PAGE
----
STAYING on at school until she was 15 was the goal of a Girl Guide from one of Glasgow’s poorest areas around 80 years ago.

According to archive sources, she enjoyed needlework and cookery and noted that some suburban private houses have electricity and clean running water, “but they are owned by other people”.

Fast forward 100 years, and while poverty and inequalities are not out of the picture, the dreams and aspirations of young girls are light years away.

Glasgow Times:

While Glasgow’s girl guiding history stretches back to 1908, Thursday will mark the centenary year of the date on which the city was officially registered as a unit.

Over those years, the Girl Guiding movement has navigated historical and cultural milestones, including the Second World War effort by women, the growth in feminism and most recently the Me Too movement.

While it’s now more about confidence building workshops than home economics, volunteer leaders involved believe Rainbows, Brownies and Guides are as relevant as they were 100 years ago, perhaps more so and their popularity shows no signs in declining. 

Glasgow Times:

Group activities are currently paused due to Covid but there are around 200 girls waiting to join local groups in Glasgow when the pandemic becomes, hopefully, another footnote in history. There are more than 10 million girl guides worldwide.

Jill Elborn, county commissioner for Glasgow, believes there is still a need to have what she describes as a safe space for girls to “find their voice”. “I think there is probably many trains of thought but from my own perspective, I very much valued being part of a girl-only space, “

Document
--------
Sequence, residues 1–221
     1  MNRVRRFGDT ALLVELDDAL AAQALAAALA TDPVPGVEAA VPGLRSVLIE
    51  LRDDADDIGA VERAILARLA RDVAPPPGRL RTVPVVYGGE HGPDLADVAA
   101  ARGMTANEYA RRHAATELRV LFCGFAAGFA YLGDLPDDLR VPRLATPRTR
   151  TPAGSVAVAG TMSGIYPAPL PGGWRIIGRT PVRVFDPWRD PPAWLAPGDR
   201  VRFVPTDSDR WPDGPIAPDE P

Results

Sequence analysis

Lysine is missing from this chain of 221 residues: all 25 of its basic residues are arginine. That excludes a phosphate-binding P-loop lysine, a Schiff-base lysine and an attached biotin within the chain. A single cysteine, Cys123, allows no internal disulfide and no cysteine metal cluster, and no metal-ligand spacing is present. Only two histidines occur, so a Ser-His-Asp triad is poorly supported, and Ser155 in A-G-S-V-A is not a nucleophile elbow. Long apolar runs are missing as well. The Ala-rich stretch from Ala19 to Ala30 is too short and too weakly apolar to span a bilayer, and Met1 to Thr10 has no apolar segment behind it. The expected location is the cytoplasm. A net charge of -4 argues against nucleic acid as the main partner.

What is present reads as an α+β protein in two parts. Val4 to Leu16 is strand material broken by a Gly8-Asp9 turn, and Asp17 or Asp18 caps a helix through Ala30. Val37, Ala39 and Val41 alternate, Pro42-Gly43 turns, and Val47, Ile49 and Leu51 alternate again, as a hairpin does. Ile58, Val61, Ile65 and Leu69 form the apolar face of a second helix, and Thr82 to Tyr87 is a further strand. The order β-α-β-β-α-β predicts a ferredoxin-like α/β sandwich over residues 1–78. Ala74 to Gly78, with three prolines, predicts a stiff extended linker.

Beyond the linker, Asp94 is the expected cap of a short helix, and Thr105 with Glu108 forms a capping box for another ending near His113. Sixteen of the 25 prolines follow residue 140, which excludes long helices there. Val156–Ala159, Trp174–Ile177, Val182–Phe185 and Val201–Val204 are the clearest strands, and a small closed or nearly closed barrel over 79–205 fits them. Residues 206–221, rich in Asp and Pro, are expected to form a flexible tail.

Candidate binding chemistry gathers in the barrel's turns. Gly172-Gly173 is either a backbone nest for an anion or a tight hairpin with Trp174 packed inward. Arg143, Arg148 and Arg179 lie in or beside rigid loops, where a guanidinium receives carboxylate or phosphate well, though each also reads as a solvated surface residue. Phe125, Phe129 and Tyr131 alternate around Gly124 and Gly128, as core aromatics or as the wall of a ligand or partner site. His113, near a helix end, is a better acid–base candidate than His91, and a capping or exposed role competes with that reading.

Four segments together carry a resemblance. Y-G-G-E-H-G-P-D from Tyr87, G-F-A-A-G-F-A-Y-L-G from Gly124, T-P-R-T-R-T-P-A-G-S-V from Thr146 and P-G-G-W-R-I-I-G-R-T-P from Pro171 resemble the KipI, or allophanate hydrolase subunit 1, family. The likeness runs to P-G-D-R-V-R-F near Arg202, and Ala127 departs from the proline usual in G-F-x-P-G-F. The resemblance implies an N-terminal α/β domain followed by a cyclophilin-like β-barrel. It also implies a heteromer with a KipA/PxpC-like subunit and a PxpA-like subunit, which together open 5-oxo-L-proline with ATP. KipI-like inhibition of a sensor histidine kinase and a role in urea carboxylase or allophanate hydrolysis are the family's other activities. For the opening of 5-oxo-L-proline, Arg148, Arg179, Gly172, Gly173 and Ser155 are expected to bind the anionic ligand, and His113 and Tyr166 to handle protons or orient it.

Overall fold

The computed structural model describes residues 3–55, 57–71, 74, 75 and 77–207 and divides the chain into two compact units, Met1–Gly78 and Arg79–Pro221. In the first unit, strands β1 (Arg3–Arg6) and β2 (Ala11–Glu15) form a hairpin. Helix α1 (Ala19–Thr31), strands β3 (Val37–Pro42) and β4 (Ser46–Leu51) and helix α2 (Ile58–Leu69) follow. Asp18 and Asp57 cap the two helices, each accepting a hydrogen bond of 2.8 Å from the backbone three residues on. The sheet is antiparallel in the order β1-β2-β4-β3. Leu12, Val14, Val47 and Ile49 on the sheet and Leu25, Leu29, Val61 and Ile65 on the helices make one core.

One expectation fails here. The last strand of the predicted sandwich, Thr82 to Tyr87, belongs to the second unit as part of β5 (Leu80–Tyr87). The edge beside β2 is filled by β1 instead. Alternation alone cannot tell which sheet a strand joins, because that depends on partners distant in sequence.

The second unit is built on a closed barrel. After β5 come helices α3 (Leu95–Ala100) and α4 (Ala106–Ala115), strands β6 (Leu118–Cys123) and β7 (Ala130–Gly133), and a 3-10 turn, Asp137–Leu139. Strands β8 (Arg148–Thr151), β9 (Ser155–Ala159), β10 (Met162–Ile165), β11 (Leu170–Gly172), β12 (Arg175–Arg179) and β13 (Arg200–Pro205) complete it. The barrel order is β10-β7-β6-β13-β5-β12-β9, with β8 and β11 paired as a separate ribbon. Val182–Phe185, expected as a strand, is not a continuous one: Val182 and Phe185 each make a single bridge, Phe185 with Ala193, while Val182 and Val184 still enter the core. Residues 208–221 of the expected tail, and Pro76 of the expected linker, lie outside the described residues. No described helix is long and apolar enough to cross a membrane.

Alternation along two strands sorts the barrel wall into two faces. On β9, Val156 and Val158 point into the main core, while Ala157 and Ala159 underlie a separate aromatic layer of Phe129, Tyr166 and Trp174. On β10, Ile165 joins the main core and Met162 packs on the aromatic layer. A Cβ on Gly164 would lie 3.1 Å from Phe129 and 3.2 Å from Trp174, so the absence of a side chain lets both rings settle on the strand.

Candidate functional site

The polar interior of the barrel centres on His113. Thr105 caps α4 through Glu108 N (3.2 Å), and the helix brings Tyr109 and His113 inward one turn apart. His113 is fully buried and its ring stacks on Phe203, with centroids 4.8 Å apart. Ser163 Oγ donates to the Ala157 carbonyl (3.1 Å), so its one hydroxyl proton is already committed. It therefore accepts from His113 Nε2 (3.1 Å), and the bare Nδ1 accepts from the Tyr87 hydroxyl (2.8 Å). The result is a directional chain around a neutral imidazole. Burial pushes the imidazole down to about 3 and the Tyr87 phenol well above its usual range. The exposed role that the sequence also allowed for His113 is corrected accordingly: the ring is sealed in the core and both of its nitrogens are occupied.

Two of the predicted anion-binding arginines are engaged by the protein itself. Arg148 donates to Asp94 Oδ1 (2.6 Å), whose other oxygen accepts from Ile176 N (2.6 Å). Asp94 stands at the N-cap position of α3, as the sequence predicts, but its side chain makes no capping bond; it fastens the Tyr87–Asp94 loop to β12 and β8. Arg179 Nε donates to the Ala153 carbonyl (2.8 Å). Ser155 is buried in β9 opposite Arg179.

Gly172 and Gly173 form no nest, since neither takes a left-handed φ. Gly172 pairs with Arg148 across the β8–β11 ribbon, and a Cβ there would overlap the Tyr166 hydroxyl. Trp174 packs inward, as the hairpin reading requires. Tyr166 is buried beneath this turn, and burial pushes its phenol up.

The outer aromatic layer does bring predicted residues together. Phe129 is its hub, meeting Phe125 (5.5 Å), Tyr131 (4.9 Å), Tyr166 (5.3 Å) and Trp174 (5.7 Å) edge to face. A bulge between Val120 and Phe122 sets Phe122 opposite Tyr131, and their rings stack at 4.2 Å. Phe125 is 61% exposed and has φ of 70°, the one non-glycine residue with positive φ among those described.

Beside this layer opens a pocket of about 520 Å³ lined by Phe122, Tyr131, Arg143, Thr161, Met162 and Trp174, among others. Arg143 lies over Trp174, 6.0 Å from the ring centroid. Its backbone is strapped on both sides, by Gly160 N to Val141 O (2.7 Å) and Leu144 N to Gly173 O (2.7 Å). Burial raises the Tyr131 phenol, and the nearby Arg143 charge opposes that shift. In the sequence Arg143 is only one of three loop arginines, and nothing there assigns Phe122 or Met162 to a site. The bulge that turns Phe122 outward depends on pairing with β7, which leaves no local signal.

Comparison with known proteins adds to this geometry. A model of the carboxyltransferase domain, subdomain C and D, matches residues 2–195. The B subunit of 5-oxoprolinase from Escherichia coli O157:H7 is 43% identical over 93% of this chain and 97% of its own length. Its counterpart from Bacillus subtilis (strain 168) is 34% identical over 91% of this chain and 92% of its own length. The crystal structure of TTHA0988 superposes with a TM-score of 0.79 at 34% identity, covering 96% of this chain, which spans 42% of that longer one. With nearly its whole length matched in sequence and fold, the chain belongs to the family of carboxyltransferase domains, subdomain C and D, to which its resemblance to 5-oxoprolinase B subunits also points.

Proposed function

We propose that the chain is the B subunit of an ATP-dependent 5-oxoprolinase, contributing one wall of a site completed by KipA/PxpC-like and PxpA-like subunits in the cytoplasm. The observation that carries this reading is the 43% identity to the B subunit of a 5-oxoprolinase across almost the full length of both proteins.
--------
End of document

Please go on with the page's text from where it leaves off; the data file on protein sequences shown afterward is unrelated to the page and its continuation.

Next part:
she said.

“It’s given me a platform to be surrounded by excellent role models and gave me opportunities to develop confidence and leadership skills which have given me a great foundation for my professional career.

“There is a need for women to have a safe space to develop those skills, to be able to go on and know that there is no glass ceiling.”

Glasgow Times:

The most popular “badges” she says are mixology, where girls make up their own alcohol-free cocktails as well as blogging and exploring. Looking back at the archives, it was more about women being at home and caring. A  quite stereotypical view of women. 

“A lot of girls were involved in the war effort, collecting blankets, raising money for air ambulances. Now, it’s about promoting STEM events and women in engineering.”

To commemorate the centenary year, Girl Guiding Glasgow has put together a photographic exhibition illustrating the changing face of the movement and the city. 

With current members dressed in the uniforms of the day, the collection shares the imagined aspirations of girl guides through the years, drawing on archive sources, as well as touching on city milestones including the  arrival of the M8 motorway, the Red Road flats and the city’s hosting of the Commonwealth Games in 2014. 

More than 2,500 girls, aged between five and18, alongside 700 adults are part of Girlguiding Glasgow with Edinburgh’s network slightly larger. 

“We’ve got about 165 units across the city, from Rainbows, Brownies and Guides to Rangers,” said Ms Elborn.

“Obviously our aim is to have more because there is quite a big waiting list. “We have about 200-300 girls waiting.”

Teenagers over the age of 14 are now trained to deliver workshops to younger girls on issues such as safe relationships, thrown into sharp focus by the Me Too movement, as well as transgender issues.

“The movement changes as the lives of girls changes,” said the guide leader.

“Listening to girls’ voices and what they want has always been at the heart of it, so the programme is reflective of what their lives are like now. 

“The organisation is inclusive. If you identify as a female you are more than welcome to come and join our girl guiding. I haven’t had any experience of that myself, however we have very clear policies on it.”

She offers this in response to those who say the concept of girl guiding is out-dated. “I would absolutely challenge those people to spend a night or a weekend in girl guiding today. We’ve got girls travelling the globe. The adventures those girls have are astounding.”